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Emerg Med Australas. 2013 Feb;25(1):36-9. doi: 10.1111/1742-6723.12016. Epub 2012 Nov 29.

Non-obstetric vulval trauma.

Author information

1
Women's and Newborn Services, Royal Brisbane and Women's Hospital, Brisbane, Queensland, Australia. ian_jones@health.qld.gov.au

Abstract

OBJECTIVE:

To describe the mechanism, injury pattern and management of women who present to the ED with non-obstetric vulval trauma.

METHODS:

A retrospective, single-institution case series was carried out. Data were sourced from medical records of women who presented to the ED and Royal Brisbane and Women's Hospital between 2007 and 2011. Records of possible injuries to the vulva were assessed to determine incidence, age, site, type of injury, mechanism of injury and whether urinary retention required treatment. This information was analysed using the computer software Statistical Package for the Social Sciences 11.0.

RESULTS:

Vulval non-obstetric trauma was found in 19 of 519 cases, resulting in haematoma formation, lacerations, tears or a combination of the three in 16 of the 19 cases. Injuries were due to falling astride a firm object, consensual coitus, sexual assault, cold waxing and tight clothing. Urinary retention occurred in three cases. Site of injury, whether anterior or posterior, was evenly distributed irrespective of the mechanism of injury. Haematomas were treated conservatively and bleeding lacerations sutured. None required resuscitation.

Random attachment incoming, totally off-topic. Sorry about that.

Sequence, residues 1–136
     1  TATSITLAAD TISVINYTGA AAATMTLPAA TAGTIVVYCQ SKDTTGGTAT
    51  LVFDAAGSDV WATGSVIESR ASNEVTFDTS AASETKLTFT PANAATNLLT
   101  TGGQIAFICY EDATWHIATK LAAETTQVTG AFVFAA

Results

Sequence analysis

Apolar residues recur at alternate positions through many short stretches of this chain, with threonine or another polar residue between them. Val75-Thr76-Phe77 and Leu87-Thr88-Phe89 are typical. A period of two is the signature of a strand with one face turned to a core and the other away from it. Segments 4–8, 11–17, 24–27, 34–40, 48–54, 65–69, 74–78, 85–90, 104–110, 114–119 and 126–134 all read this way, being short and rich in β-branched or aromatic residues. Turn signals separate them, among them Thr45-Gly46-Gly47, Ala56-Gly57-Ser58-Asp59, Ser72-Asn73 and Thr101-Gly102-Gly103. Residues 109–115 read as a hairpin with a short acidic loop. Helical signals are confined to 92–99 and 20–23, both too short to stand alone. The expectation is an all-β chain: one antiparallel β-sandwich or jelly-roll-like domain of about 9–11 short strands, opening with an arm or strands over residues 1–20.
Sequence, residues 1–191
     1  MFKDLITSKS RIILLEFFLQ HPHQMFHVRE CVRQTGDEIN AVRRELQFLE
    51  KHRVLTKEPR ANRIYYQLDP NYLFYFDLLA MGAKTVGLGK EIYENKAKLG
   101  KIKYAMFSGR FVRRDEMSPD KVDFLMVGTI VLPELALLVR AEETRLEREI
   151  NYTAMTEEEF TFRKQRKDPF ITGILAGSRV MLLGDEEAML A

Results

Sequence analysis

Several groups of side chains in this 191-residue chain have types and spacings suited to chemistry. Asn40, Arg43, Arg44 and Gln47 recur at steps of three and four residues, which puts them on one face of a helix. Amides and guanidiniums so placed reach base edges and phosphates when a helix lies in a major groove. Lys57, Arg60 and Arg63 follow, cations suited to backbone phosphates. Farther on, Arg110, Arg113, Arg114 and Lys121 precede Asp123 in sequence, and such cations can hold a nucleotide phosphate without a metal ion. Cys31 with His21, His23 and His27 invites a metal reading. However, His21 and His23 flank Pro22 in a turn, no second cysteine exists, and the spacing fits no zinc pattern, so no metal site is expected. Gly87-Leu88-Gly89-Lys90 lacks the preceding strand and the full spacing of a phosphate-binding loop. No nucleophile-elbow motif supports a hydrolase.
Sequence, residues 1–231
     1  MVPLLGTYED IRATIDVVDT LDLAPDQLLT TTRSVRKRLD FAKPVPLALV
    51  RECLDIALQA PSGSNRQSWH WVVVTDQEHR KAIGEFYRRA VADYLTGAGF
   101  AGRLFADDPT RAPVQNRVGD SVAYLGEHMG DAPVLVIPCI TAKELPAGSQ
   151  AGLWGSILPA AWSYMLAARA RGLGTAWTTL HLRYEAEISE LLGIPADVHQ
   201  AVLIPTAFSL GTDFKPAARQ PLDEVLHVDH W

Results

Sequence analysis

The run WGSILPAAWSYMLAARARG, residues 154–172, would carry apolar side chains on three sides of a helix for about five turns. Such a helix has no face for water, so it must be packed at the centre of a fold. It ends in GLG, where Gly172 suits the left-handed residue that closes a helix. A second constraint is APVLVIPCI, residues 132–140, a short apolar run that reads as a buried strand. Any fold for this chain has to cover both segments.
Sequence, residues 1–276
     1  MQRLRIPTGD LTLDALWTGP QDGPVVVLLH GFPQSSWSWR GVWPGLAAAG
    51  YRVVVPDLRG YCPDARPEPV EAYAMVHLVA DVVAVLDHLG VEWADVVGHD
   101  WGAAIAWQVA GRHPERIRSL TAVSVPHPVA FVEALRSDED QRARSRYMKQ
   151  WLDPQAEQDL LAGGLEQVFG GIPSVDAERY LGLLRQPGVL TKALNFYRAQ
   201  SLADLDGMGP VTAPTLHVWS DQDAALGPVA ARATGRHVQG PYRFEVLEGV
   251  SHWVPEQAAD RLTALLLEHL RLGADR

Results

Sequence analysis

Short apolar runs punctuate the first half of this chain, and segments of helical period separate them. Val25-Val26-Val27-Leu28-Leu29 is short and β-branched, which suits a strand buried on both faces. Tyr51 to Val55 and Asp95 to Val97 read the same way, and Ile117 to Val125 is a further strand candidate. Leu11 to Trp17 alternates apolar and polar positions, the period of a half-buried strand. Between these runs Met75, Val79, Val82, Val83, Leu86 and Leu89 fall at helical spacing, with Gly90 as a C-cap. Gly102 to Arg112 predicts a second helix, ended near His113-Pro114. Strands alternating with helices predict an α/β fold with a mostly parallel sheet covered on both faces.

CONCLUSIONS:

Non-obstetric vulval injuries are uncommon (incidence 3.7%). All cases require assessment for vaginal, urethral, anal and bony pelvis injuries. This might require examination under anaesthesia. Conservative management of haematomas in the absence of acute haematoma expansion is favoured. The need to screen for sexually transmissible infections and pregnancy is important. Social worker and psychological support is important to reduce the incidence of long-term psychological problems.

PMID:
23379450
DOI:
10.1111/1742-6723.12016
[Indexed for MEDLINE]
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